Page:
'Heinous, barbaric': Pakistan highway rape sparks outrage Police investigating the robbery and rape of a woman after her car broke down on the highway in Punjab province.
The woman was allegedly raped by two robbers near the Gujjarpura area on Wednesday while she was waiting for help on the road after her car developed a fault or run out of fuel, police said. The attack quickly drew widespread condemnation on social media, with some activists demanding that those involved be hanged in public. But in a shocking televised statement, recently appointed Lahore police chief Umar Sheikh blamed the victim for traveling alone with her two children after midnight without checking whether her car had enough fuel. His comment drew nationwide condemnation, although he also vowed to arrest the rapists within 48 hours.
So that was the news, ironically, whenever such an incident occurs in Pakistan, instead of showing rage and anger and vows to make arrests, the officials, the clerics, and the so-called "decent" people say, why "why she was traveling in the night, on a deserted highway?" Really! That's what one will say.
Prime Minister Imran Khan's office said the protection of women is the first priority and responsibility of the government, adding that “such brutality and bestiality cannot be allowed in any civilized society. Such incidents are a violation of our social values and a disgrace to society." The Pakistan Tehreek-i-Insaf government has also been under immense public pressure to remove the newly-appointed Lahore police chief Umer Shiekh for his 'victim shaming'.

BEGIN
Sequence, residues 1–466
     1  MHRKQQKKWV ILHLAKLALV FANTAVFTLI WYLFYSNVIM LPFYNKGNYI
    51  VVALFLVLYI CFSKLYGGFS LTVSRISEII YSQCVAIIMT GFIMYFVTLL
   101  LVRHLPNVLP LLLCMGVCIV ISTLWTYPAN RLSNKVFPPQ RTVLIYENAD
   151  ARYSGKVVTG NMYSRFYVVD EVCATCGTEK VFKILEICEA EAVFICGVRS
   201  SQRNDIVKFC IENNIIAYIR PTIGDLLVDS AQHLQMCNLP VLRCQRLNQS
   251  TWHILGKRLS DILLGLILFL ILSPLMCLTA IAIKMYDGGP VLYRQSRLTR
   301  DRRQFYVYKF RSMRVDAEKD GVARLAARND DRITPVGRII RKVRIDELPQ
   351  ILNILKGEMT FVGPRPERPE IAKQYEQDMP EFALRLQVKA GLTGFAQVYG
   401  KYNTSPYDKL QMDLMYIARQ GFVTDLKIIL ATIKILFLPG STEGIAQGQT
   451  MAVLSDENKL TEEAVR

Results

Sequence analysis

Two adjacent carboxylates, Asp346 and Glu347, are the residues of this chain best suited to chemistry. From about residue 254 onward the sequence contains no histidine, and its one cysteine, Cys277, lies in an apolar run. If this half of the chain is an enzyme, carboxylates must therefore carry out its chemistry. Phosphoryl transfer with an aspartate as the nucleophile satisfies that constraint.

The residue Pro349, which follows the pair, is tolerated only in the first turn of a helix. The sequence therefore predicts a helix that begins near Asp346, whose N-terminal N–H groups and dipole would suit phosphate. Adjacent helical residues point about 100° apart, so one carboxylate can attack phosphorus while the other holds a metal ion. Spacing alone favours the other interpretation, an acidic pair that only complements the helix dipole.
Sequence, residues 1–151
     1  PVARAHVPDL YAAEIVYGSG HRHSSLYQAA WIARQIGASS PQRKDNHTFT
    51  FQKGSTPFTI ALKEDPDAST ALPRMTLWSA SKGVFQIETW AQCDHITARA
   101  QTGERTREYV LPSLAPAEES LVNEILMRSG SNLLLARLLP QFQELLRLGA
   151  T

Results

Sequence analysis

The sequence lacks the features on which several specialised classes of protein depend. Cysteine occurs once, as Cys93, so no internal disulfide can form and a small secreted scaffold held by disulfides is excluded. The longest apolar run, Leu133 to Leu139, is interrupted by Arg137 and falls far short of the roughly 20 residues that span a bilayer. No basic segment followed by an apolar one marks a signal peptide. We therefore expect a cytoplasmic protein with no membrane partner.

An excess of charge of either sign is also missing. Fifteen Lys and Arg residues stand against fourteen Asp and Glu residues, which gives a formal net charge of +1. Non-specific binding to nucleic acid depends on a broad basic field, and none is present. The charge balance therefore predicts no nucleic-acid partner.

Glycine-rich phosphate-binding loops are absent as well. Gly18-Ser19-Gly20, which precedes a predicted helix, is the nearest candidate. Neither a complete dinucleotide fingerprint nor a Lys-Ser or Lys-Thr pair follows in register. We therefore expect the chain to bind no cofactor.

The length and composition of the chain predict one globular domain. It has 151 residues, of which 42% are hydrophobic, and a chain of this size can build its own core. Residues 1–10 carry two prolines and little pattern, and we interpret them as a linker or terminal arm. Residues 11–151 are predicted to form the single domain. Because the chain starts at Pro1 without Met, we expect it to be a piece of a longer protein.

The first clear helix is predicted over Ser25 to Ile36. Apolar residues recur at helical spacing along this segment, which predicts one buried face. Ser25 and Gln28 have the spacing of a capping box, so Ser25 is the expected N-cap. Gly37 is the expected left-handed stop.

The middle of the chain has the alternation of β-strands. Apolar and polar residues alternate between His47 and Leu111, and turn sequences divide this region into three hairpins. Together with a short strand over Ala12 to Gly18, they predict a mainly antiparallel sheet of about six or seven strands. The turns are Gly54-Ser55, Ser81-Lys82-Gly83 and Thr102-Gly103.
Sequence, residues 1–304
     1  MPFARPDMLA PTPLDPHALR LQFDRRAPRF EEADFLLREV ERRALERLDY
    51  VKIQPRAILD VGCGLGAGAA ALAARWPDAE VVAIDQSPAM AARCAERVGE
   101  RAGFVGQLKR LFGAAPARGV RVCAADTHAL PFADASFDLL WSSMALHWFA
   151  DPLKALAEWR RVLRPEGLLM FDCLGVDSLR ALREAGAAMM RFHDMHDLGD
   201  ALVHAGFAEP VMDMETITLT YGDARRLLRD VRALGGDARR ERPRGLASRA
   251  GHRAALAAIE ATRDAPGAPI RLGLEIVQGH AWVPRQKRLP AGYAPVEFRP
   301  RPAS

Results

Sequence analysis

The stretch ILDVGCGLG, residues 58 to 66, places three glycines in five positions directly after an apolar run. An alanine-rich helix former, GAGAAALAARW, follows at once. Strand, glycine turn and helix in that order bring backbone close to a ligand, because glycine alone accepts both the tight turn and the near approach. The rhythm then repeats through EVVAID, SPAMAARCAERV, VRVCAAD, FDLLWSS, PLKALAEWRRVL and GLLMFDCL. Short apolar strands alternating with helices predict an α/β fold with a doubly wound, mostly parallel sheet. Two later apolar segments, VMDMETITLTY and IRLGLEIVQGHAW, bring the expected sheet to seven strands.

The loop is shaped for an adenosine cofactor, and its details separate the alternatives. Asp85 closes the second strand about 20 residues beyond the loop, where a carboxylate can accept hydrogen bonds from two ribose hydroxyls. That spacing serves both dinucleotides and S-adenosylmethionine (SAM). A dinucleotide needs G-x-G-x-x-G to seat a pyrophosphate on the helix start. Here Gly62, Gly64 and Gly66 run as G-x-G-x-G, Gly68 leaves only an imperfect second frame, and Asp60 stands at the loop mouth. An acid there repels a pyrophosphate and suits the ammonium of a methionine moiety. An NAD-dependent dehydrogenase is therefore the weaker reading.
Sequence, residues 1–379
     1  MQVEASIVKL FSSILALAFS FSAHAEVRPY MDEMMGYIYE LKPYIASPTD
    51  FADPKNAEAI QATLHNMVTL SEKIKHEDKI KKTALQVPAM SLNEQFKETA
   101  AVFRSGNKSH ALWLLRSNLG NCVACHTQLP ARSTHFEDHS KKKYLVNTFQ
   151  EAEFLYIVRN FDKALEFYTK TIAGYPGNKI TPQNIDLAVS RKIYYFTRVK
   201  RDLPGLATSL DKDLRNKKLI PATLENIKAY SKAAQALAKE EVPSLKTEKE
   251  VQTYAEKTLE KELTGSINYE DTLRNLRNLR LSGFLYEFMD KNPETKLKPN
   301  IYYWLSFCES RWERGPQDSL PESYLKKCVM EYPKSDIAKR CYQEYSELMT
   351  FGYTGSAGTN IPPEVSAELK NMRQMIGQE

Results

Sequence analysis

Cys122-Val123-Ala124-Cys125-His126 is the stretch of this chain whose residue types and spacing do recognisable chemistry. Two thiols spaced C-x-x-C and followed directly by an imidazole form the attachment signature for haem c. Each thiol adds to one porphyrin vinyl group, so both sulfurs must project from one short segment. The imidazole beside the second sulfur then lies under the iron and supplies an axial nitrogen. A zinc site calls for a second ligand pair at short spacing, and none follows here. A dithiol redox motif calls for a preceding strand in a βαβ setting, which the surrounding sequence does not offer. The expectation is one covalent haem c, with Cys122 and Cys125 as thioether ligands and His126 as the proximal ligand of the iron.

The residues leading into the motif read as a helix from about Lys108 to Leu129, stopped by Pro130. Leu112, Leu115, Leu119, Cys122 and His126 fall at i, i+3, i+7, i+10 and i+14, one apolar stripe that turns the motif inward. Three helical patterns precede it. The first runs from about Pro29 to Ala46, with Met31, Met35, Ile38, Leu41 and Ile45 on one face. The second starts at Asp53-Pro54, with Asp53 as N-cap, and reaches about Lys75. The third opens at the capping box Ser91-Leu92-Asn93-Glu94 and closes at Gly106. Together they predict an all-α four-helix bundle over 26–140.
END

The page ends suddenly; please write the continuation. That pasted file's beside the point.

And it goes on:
Sheikh had said that the woman should not have traveled late at night along with her children. Human rights activists urged the government to fire Sheikh, the police chief, for his remarks. A senior police officer told PTI that the prime suspect has been identified as Abid Ali, 27, a resident of Fort Abbas of Bahawalnagar, some 400 kilometers from Lahore. "Abid Ali's DNA has been matched and teams dispatched for his and his accomplice's arrest. Ali was also involved in a gang-rape of a woman and her daughter back in 2013 in his residential area. He was caught but later released from jail after the affected family pardoned him probably under pressure," he said. ISLAMABAD (Reuters) - Protests were held in several Pakistani cities for a second day on Saturday over the handling of an investigation into the gang rape of a mother traveling with her children on a highway, as police said they were launching a manhunt for the suspects. Hundreds, mostly women, also gathered in Lahore, Karachi, and even the conservative northwestern city of Peshawar. "Shatter the silence, stop the violence," read one placard in Peshawar.